Legal & finance tips for divisions: When is travel an award and not a reimbursement?
When providing travel money to a participant for a convention or meeting, it can be confusing to know when the payment is an award that is taxable to the recipient and when it is just a reimbursement of expense (i.e, not taxable to the recipient). The difference is important — for an award, an IRS Form W-9 must be completed by the recipient before the payment can be issued. The recipient then receives an IRS Form 1099 at the end of the year.
So, how do you know the difference? If the participant provides receipts that sufficiently supports the expense (i.e., receipt showing payment for airline tickets and boarding pass to prove they traveled, hotel receipt showing payment in full, dining receipts showing payment, etc.), then the payment is a reimbursement of expense and is not taxable to the recipient. This is the case even if the allowed travel expenses were capped at a particular dollar amount, such as $250. If, however, they were allowed a certain dollar amount for travel expense but were not required to provide support for the travel, then the payment is considered an award and is taxable to the recipient. A completed Form W-9 must be received from the recipient before payment can be made.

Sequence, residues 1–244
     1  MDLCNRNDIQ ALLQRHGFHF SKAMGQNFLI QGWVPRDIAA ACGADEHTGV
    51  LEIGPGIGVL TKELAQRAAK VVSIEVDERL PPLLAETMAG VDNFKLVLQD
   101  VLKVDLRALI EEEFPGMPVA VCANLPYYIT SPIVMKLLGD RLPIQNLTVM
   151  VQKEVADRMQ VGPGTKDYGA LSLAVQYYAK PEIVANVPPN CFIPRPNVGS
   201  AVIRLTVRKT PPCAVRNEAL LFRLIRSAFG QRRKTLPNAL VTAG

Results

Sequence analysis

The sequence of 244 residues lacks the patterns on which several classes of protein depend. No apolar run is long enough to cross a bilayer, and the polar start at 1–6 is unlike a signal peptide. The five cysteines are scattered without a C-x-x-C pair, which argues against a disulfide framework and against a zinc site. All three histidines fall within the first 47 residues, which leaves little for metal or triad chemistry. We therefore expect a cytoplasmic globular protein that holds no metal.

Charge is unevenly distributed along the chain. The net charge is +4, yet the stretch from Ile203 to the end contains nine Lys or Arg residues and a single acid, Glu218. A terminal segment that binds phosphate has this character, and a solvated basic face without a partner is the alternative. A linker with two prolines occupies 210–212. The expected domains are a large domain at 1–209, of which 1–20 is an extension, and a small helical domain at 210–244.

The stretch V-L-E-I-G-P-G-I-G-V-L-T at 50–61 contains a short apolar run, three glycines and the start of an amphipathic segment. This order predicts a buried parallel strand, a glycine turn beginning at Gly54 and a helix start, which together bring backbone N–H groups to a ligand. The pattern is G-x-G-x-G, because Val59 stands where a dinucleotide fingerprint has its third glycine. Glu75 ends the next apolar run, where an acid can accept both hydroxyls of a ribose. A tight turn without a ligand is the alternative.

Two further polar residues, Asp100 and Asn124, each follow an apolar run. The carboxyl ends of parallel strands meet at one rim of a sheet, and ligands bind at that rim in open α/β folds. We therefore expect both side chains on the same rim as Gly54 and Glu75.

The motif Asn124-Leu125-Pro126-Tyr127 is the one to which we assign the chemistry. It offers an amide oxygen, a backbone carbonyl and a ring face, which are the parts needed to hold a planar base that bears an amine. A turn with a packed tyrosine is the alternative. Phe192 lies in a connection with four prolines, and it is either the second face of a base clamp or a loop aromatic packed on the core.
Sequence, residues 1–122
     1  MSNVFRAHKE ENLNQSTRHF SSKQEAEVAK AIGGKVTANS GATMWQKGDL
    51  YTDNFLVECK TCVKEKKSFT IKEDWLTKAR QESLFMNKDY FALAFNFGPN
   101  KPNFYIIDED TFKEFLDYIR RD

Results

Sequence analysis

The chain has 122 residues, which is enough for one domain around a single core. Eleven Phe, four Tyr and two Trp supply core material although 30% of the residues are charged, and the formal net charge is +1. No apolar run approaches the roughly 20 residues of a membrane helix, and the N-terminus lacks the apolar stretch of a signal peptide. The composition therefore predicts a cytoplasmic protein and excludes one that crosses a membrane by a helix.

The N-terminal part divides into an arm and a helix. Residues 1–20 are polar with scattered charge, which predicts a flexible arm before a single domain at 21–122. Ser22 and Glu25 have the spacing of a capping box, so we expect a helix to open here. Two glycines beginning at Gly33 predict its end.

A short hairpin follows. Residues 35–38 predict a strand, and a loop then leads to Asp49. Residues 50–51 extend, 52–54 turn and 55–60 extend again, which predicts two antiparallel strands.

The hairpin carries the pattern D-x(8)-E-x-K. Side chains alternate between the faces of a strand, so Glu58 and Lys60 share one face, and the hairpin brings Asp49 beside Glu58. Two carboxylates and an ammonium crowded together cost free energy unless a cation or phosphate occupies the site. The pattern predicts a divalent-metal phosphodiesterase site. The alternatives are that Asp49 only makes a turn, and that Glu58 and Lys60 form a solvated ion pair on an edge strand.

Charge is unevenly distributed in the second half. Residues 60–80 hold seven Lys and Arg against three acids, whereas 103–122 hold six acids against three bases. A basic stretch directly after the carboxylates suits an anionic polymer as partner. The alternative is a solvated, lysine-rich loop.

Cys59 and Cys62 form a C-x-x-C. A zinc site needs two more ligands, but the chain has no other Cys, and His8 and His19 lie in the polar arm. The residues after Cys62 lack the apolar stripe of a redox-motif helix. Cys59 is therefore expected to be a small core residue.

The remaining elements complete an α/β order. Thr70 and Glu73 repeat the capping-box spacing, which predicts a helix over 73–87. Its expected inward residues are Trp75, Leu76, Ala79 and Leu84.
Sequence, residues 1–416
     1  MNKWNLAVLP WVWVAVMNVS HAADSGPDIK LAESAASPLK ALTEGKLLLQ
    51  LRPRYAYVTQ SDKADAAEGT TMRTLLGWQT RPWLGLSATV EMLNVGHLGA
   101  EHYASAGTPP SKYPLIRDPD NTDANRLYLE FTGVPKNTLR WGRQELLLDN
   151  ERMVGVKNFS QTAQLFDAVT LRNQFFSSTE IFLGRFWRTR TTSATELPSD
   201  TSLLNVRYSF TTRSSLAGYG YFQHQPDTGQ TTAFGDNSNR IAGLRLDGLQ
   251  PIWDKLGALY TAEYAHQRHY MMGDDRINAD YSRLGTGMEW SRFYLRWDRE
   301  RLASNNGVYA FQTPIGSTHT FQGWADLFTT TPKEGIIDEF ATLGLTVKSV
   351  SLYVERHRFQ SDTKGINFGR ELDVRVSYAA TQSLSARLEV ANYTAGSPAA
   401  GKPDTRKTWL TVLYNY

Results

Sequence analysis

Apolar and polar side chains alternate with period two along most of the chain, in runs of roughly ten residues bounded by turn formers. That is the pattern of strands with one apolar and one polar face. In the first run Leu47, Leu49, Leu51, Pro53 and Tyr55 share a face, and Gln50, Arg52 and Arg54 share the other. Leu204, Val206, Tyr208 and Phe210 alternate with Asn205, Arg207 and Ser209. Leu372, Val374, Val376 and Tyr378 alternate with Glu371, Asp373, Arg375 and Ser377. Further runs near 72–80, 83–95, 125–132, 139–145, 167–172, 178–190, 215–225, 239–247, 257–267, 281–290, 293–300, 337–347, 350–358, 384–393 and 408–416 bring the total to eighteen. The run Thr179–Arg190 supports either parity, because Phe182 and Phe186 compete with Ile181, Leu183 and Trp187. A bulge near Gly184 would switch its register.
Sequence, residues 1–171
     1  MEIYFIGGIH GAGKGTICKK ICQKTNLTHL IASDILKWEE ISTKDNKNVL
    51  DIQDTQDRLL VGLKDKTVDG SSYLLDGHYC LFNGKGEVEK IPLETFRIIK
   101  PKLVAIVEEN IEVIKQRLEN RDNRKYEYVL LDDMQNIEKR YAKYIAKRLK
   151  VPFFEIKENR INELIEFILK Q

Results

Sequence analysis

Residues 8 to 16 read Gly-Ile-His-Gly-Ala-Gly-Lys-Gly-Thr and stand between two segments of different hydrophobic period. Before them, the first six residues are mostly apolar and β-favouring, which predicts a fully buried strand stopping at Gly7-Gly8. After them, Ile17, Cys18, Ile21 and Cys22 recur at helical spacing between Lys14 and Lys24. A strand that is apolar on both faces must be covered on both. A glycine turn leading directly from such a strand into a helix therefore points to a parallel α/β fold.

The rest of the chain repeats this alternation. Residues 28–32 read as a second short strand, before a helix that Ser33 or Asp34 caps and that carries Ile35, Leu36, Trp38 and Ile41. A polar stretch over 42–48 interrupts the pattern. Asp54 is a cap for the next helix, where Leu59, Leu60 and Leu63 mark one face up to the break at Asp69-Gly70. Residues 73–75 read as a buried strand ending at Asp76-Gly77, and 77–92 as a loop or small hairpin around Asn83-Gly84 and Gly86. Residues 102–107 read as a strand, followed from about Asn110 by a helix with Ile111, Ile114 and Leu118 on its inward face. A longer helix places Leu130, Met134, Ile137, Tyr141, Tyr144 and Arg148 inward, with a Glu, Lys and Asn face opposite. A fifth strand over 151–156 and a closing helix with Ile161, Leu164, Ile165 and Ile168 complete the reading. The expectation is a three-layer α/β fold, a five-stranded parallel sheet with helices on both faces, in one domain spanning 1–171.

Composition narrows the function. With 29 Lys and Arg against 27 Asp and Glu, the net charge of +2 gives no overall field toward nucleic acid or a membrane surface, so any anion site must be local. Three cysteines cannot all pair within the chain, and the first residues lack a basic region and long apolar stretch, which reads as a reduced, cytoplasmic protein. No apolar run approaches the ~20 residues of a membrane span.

If you have any other questions with regard to travel expenses or if you need a blank Form W-9, feel free to contact us.
APA's Central Office can provide division leaders with finance or legal support. For additional questions, contact:
- Finance questions: Jennifer Aldridge or Holly Flynn
- Legal/contract questions: Jesse Raben